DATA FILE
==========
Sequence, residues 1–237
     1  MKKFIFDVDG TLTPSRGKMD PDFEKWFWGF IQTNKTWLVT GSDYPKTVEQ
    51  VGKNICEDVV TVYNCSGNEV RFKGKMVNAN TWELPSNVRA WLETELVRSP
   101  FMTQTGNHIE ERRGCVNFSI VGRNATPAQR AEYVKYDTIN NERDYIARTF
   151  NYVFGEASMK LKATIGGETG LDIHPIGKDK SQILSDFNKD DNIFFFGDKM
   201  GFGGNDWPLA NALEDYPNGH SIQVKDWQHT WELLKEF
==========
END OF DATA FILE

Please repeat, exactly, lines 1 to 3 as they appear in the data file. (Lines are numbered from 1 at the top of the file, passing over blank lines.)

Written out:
Sequence, residues 1–237
     1  MKKFIFDVDG TLTPSRGKMD PDFEKWFWGF IQTNKTWLVT GSDYPKTVEQ
    51  VGKNICEDVV TVYNCSGNEV RFKGKMVNAN TWELPSNVRA WLETELVRSP